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  4. Aristotle on the Nature and Politics of Medicine.Samuel H. Baker - forthcoming - Apeiron (4).
    According to Aristotle, the medical art aims at health, which is a virtue of the body, and does so in an unlimited way. Consequently, medicine does not determine the extent to which health should be pursued, and “mental health” falls under medicine only via pros hen predication. Because medicine is inherently oriented to its end, it produces health in accordance with its nature and disease contrary to its nature—even when disease is good for the patient. Aristotle’s politician understands that this (...)
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  5. Review of C.D.C. Reeve, Aristotle on Practical Wisdom: Nicomachean Ethics VI. [REVIEW]Samuel H. Baker - 2015 - Philosophy in Review 35 (2):106-108.
  6.  26
    Evil in Aristotle by Pavlos Kontos. [REVIEW]Samuel Baker - 2019 - Journal of the History of Philosophy 57 (2):342-343.
    This is the first volume devoted to Aristotle's thoughts on evil or badness. The work calls attention to several relatively neglected areas of scholarship, and the contributions give any reader grounds for thinking that Aristotle has thoughts about to kakon that are sophisticated and worthy of deep philosophical engagement.The volume is divided into three parts: metaphysics and biology in the first, practical philosophy in the second, and the "presence of Aristotle in post-Aristotelian philosophy" in the third. The topics vary widely—deformed (...)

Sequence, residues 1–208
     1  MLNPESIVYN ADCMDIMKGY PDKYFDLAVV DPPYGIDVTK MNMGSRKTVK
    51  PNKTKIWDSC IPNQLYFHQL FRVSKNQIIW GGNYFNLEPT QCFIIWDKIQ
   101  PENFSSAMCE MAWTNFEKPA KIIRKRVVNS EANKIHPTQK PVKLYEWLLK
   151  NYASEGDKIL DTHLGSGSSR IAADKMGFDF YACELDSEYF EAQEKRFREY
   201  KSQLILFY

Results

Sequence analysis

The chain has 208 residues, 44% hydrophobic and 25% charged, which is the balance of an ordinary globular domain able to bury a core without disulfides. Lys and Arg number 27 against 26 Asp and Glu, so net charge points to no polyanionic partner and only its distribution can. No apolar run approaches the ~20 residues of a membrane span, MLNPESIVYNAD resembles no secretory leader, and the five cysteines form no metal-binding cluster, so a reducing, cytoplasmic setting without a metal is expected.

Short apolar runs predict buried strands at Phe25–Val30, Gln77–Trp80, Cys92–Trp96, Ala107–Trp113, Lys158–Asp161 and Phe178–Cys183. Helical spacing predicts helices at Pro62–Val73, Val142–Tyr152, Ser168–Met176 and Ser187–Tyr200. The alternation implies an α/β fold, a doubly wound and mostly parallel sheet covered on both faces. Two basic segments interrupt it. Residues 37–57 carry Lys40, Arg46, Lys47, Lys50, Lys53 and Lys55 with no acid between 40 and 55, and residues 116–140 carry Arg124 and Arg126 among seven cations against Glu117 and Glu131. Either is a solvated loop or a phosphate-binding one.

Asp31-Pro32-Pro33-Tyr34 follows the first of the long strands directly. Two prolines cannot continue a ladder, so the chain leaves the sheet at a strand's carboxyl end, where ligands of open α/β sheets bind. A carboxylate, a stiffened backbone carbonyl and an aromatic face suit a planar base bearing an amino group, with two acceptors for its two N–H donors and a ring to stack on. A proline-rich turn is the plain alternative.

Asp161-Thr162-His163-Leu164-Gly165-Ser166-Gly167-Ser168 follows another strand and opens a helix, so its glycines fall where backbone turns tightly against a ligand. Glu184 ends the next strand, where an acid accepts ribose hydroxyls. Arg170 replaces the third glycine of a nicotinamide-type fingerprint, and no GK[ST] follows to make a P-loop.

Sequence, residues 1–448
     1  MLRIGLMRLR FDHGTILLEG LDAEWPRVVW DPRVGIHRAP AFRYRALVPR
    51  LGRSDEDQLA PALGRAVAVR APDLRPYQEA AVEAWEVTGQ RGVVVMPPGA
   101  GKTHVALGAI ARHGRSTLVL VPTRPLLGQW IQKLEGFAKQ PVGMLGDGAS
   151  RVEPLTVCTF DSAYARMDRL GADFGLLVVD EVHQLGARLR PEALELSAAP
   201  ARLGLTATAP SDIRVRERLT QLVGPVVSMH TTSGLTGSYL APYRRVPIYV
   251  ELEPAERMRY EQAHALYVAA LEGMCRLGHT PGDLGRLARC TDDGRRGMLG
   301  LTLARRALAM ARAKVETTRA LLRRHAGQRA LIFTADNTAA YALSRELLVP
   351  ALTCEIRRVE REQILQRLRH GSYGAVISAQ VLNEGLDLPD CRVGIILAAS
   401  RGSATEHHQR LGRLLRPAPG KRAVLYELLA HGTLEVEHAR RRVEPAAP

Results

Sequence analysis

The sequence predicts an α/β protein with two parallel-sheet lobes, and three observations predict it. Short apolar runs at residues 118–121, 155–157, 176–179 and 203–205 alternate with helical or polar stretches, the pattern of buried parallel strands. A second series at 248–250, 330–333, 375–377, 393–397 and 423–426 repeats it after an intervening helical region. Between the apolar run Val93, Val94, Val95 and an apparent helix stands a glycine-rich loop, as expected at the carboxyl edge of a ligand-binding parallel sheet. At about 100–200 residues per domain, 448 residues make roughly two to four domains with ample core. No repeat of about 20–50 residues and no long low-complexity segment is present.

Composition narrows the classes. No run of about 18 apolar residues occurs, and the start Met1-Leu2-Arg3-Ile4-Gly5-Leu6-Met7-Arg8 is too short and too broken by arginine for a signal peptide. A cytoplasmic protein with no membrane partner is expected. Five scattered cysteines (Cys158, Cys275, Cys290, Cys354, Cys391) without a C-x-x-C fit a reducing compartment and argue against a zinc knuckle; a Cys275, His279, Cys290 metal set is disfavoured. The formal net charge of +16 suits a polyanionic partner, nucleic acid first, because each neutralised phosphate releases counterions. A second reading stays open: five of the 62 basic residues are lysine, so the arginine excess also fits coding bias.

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  7.  19
    Erratum To: The Metaphysics of Goodness in the Ethics of Aristotle.Samuel Baker - 2017 - Philosophical Studies 174 (11):2901-2901.
  8.  48
    Notes From Narnia (on the Human Body).Samuel H. Baker - 2019 - Think 18 (52):81-86.
    What is a human body? Some reasons are given for thinking that, in the primary case, it is a body that is both of and suitable to a rational animal.